February 3

THE FALL OF A POLICE CHIEF


Carrol Lynn was a boy from Arkansas, who went off to serve in the military. Upon completing his service he relocated to Houston where he, like many others, stumbled into a career as a Houston police officer. Lynn and his wife were living in Houston in 1956. He was pursuing a degree at the University of Houston and providing for his family working part-time.

As he described events in a 1974 interview, a radio advertisement for police applicants got his attention. The ad said that those who became Houston policemen would make $300 a month. Lynn told his wife he would go to work at the Department for a couple of years while he finished college. Instead, he stayed for twenty-two years, became the police chief for eighteen months, resigned and served as an assistant chief for three years.

Unfortunately, while still serving as an assistant chief, he was arrested and indicted for perjury, obstruction of justice, and extortion. He was fired by his successor, Harry Caldwell, in April of 1978 and convicted of the charges the following Christmas Eve. Lynn was sentenced to twelve years and served five before being paroled.

Carrol Lynn took the reins of the Houston Police Department at a time of radical political change. The new Mayor, Fred Hofheinz, passed over all the higher ranking officers in the department to appoint Lynn. He was a Captain at the time and those senior officers did not accept his appointment with enthusiasm. 

Hofheinz’ election had signaled that radical change was coming to the City of Houston. His campaign was largely based on inclusion of minority citizens in the voice of government and particularly in the police department. Adding to the discomfort of those within the department who were resisting change, was the fact that Lynn was replacing a popular chief, Herman Short, who was considered by most officers to be a “cops cop.” Short had resigned upon learning that Hofheinz won the election.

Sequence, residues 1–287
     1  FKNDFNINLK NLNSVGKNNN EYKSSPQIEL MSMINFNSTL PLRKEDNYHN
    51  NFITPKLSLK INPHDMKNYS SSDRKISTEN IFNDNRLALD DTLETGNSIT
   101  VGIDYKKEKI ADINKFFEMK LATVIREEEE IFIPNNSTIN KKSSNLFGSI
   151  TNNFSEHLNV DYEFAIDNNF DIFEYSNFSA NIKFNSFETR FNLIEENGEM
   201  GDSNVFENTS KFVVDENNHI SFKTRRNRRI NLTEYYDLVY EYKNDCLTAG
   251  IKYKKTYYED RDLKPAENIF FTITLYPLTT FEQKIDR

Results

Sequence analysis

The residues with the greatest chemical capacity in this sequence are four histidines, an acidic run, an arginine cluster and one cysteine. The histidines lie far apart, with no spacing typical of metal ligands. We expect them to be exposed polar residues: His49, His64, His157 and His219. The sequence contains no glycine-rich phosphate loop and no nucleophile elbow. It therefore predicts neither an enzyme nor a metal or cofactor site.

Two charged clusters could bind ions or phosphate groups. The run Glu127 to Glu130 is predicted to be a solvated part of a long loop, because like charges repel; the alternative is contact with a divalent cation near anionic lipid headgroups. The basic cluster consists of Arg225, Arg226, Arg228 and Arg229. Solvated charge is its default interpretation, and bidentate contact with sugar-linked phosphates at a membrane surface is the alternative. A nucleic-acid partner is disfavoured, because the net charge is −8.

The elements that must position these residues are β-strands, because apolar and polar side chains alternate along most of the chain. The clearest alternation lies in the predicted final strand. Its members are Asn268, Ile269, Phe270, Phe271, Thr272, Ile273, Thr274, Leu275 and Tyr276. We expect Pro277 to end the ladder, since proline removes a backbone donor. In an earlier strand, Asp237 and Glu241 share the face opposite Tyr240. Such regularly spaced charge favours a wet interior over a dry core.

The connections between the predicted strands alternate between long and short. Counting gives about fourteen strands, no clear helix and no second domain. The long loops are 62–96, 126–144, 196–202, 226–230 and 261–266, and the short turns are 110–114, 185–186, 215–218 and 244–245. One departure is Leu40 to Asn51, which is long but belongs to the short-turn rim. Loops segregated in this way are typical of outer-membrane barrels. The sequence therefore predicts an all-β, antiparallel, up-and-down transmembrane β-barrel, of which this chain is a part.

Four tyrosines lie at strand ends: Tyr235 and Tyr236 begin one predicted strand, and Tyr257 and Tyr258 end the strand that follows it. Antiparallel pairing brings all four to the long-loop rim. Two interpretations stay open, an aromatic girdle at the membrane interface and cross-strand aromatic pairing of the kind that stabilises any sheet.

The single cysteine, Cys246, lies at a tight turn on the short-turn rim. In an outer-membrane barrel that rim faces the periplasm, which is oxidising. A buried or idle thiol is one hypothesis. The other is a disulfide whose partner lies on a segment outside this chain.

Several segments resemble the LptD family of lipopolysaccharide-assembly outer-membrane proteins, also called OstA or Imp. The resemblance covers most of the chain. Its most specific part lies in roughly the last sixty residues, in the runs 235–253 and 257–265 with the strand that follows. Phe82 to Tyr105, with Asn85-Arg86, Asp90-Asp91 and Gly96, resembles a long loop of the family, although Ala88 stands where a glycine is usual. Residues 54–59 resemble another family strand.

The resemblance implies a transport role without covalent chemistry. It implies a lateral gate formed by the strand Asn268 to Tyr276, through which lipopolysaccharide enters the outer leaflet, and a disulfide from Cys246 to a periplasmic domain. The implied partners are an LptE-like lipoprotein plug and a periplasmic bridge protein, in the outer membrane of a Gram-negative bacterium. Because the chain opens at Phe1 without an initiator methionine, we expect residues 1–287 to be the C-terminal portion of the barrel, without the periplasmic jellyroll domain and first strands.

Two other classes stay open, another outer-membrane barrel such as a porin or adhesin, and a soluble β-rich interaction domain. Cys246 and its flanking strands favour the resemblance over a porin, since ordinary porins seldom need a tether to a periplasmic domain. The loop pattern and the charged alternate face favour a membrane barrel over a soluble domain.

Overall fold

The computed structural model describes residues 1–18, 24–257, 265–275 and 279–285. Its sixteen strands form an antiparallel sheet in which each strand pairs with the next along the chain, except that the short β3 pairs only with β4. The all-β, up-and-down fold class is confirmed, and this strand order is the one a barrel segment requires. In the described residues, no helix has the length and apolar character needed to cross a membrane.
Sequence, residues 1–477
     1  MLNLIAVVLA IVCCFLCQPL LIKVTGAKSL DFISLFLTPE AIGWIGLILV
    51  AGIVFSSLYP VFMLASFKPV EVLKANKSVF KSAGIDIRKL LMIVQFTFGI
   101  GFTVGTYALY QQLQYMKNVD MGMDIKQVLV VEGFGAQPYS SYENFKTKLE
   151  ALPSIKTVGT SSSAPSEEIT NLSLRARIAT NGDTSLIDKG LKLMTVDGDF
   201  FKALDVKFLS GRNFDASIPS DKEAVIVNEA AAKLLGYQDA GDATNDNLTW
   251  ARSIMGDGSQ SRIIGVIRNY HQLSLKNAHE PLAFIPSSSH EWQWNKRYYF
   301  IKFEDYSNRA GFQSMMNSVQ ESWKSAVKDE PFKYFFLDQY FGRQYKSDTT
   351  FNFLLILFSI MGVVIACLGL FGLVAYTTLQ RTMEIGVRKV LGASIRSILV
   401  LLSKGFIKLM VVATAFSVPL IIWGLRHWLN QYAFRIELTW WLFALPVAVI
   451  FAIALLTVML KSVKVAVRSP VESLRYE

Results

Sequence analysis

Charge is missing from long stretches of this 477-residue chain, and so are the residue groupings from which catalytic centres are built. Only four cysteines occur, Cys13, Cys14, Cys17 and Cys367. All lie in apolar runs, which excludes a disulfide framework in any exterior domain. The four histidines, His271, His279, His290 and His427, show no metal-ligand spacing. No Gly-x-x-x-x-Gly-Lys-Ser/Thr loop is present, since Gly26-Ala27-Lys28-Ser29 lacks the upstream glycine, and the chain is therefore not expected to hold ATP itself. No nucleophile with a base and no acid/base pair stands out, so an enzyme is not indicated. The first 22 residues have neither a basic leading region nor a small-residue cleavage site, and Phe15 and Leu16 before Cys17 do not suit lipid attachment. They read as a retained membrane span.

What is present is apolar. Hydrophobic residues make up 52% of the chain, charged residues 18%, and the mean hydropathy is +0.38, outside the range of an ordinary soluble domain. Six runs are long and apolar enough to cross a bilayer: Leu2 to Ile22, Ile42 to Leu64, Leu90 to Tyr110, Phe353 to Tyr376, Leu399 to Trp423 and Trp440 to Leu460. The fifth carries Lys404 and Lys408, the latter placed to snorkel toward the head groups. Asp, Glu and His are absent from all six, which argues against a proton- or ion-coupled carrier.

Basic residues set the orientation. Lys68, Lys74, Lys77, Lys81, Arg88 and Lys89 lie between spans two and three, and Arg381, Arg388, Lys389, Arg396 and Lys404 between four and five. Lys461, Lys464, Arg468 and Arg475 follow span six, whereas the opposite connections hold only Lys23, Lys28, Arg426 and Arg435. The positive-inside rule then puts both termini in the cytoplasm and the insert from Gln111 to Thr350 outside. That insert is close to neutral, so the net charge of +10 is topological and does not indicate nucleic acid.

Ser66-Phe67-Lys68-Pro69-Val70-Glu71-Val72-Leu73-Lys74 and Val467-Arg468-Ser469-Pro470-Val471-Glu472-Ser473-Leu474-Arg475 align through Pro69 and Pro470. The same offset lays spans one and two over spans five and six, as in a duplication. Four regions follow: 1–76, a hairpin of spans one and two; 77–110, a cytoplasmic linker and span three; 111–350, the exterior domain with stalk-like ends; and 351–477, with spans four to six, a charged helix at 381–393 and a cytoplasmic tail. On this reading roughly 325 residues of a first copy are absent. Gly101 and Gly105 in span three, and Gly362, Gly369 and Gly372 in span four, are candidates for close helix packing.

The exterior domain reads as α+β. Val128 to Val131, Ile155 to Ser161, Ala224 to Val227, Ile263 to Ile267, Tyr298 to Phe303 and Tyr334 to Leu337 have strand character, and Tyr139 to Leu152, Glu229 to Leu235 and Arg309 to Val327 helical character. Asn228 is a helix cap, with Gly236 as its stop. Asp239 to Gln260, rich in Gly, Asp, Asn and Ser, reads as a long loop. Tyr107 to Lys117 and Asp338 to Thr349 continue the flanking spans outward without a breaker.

It is tempting, when writing about Chief Lynn, to focus only on his self-imposed downfall which resulted in arrest and a prison term. But consider these facts. Within the first nine months of his leadership Lynn faced the following highly politicized, public and controversial issues. 

The week Lynn was appointed chief a mentally deranged man took twelve hostages in a grocery store. The Chief was on the scene and the situation was resolved. Because of that experience, he created the first SWAT Team in Houston, although some on his command staff argued against it.

Just weeks later he learned that the federal government was conducting a wiretapping investigation of his Narcotics Division, culminating with arrests and convictions. Following that revelation was the very public expose’ that his Criminal Intelligence Division was keeping files on highly popular political figures. Even more disturbing for a Mayor who campaigned on minority relations was the discovery of one file reportedly titled “miscellaneous niggers,” ostensibly containing information on black citizens not important enough in the eye of those keeping track to have individual files. 

Finally, the investigation of a patrolman, who just happened to be the son of the Harris County Sheriff, on charges of sexual assault of a prostitute ended up on Lynn’s desk. All these incidents occurred or began before he became Chief, but were made public during his first nine months in office, placing the responsibility on him to deal with each. It wasn’t long before the controversial Mayor turned his back on the man he had picked to reform the police department.